Hyakusai-ji Temple (百済寺)

Sango (literally, "mountain name," which is the title prefixed to the name of a Buddhist temple): Shakasan
Religious school: The Tendai sect
Honzon (principal object of worship at a temple): Eleven-faced Kannon (Goddess of Mercy)
Founded in: 606
Kaiki (patron of a temple in its founding): Prince Shotoku.
Formal name
Another name
Fudasho (temples where amulets are collected): The three mountains in Eastern Biwa Lake
Cultural assets: Hondo (main temple), Color on silk painting of Hie Sanno mandala (Mandala having to do with Hie Sannosha Shrine), three other cultural assets - Important Cultural Property, the precinct of Hyakusai-ji Temple - historic site

Hyakusai-ji Temple is a temple of the Tendai sect, located in Higashiomi City, Shiga Prefecture. Its Sango is Shakasan. The Honzon is an Eleven-faced Kannon and the Kaiki is Prince Shotoku. It is known as one of the three mountains in Eastern Biwa Lake together with Kongorin-ji Temple and Saimei-ji Temple (Kora-cho).

Beginning and history

It is located on the east side of Lake Biwa, the west mountain side of the Suzuka mountain range. According to the temple history, it was built by Prince Shotoku in 606. Prince Shotoku saw strange light when he visited this location with Eji, a monk of Goryeo (Goguryeo) (kingdom of Korea), who was visiting Japan at that time. He went to see the source of the light and found out it was a sacred Japanese cedar tree. The prince carved a statue of an Eleven-faced Kannon on the Japanese cedar without cutting it down and built a temple surrounding the statue. It is said to be the beginning of Hyakusai-ji Temple, and the temple was named Hyakusai-ji Temple (百済寺) because it was modeled after the Ryoun-ji Temple in Kudara (Baekje, Paekche) (百済). According to historical materials, Hyakusai-ji Temple first appears in the 11th century, 1089, therefore, it is unknown how much the legend of Prince Shotoku founding the temple reflects the historical facts, however, by seeing its jigo (literally, "temple name") - Hyakusai-ji Temple, this temple was most likely to be built as a Uji-dera Temple (temple built for praying clan's glory) for a clan formed by immigrants to ancient Japan. In the Heian period, as many other temples in the Omi Province, Hyakusai-ji Temple also fell within Enryaku-ji Temple on Mt. Hiei and became a temple of the Tendai sect.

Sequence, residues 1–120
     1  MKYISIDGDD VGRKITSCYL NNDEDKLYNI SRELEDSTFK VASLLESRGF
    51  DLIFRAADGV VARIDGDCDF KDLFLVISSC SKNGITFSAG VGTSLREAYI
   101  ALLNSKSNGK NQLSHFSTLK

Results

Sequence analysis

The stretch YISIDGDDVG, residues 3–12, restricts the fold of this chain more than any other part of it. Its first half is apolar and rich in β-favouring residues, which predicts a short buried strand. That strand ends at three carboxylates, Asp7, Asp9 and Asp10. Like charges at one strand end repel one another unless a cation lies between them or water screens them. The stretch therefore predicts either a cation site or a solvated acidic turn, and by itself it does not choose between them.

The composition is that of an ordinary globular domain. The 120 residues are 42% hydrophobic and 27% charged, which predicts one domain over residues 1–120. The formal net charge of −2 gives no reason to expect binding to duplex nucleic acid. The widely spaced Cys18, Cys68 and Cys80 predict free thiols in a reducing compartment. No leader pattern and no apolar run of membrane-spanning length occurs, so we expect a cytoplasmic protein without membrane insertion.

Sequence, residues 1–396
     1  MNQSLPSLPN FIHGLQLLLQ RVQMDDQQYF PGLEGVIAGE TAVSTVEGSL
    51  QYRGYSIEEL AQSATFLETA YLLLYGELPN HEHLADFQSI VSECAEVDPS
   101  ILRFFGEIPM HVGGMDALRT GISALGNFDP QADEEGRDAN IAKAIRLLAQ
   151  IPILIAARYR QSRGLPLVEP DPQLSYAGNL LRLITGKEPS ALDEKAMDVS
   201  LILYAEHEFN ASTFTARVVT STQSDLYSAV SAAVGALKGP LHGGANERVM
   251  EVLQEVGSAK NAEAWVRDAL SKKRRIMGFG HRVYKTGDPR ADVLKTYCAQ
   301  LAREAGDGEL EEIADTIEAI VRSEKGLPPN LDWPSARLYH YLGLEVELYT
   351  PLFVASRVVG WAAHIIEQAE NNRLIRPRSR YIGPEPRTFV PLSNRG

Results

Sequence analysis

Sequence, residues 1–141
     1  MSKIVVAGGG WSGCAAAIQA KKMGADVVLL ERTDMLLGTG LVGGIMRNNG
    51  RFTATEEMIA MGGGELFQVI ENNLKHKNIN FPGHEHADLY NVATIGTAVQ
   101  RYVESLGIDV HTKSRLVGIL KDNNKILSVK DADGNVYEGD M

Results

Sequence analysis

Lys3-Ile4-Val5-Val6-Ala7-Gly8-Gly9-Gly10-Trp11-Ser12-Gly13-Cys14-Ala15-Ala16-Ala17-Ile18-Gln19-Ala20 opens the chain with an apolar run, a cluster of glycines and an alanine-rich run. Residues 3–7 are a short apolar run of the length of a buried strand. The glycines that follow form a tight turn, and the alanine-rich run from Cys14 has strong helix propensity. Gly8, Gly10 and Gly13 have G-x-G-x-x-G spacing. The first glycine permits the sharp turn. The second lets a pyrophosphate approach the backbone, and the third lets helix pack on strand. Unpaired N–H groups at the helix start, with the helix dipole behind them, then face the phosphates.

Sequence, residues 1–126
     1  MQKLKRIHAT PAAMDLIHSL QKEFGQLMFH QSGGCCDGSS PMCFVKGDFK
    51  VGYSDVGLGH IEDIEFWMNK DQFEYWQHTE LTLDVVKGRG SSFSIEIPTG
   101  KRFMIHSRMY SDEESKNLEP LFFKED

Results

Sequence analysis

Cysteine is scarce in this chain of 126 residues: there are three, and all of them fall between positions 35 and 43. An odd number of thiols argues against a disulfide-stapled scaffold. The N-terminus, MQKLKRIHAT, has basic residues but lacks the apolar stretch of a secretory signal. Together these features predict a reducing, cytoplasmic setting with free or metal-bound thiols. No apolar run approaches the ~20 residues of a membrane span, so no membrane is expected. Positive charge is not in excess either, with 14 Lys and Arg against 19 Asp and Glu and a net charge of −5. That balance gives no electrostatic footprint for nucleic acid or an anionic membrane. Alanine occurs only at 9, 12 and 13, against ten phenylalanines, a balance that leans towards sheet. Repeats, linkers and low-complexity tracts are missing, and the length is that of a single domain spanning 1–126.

Although it seems like the temple had been quite substantial from the Heian period to the medieval period, it was completely-burned by the fire in 1498 and also by the fire caused by the war in 1503; the temple's treasure and the records were burned down, which included not only the original building from its inception but also most of the Buddha statues, the temple's treasure and the records. In 1573, the temple was burned down again by Nobunaga ODA. At that time, the Rokkaku clan who was kin to the Sasaki clan, and influential in the area, had Namazue-jo Castle, a branch castle of Kannonji-jo Castle, near Hyakusai-ji Temple. Nobunaga burned down Hyakusai-ji Temple because he thought that the temple was on the side of the Sasaki clan who opposed Nobunaga. Its Hondo and other buildings remaining today were built after modern times.

Precincts of the temple

Passing through its Sanmon gate (temple gate) and going down the Sando (an approach to the temple), you will see Kimi-in Temple, Honbo (a main living quarter priest), and going up the stone steps farther, you will see Nio-mon Gate (Deva gate) and further up is Hondo. Here you can see the remains of the Sobo (Monks' lodging house), surrounded by stone walls, on both sides of the Sando where there used to be many buildings standing in a row. It is considered to be a national historic site.

Its Hondo is built according to the Irimoya style (building with a half-hipped roof) and Hiwadabuki (cypress bark roof). It was rebuilt in the early Edo period, in 1650. The building has the form of the Esoteric Buddhism hall from medieval times and the characteristics of modern times in its details; it was set down as an Important Cultural Property in 2004. The original Hondo used to be located in the back of its present location and the size was larger. Also, there used to be a five-storied pagoda standing on the right side (south) of the original Hondo.

Cultural Property

Important Cultural Property

Hondo of Hyakusai-ji Temple

Color on silk painting of Hie Sanno mandala

Konjikondeihokekyo (with black lacquer decorated box)

Kondo-karakusamon-kei (Buddhist ritual gong with arabesque design)

Basshi, Dora (a gong)

Historic site

The precinct of Hyakusai-ji Temple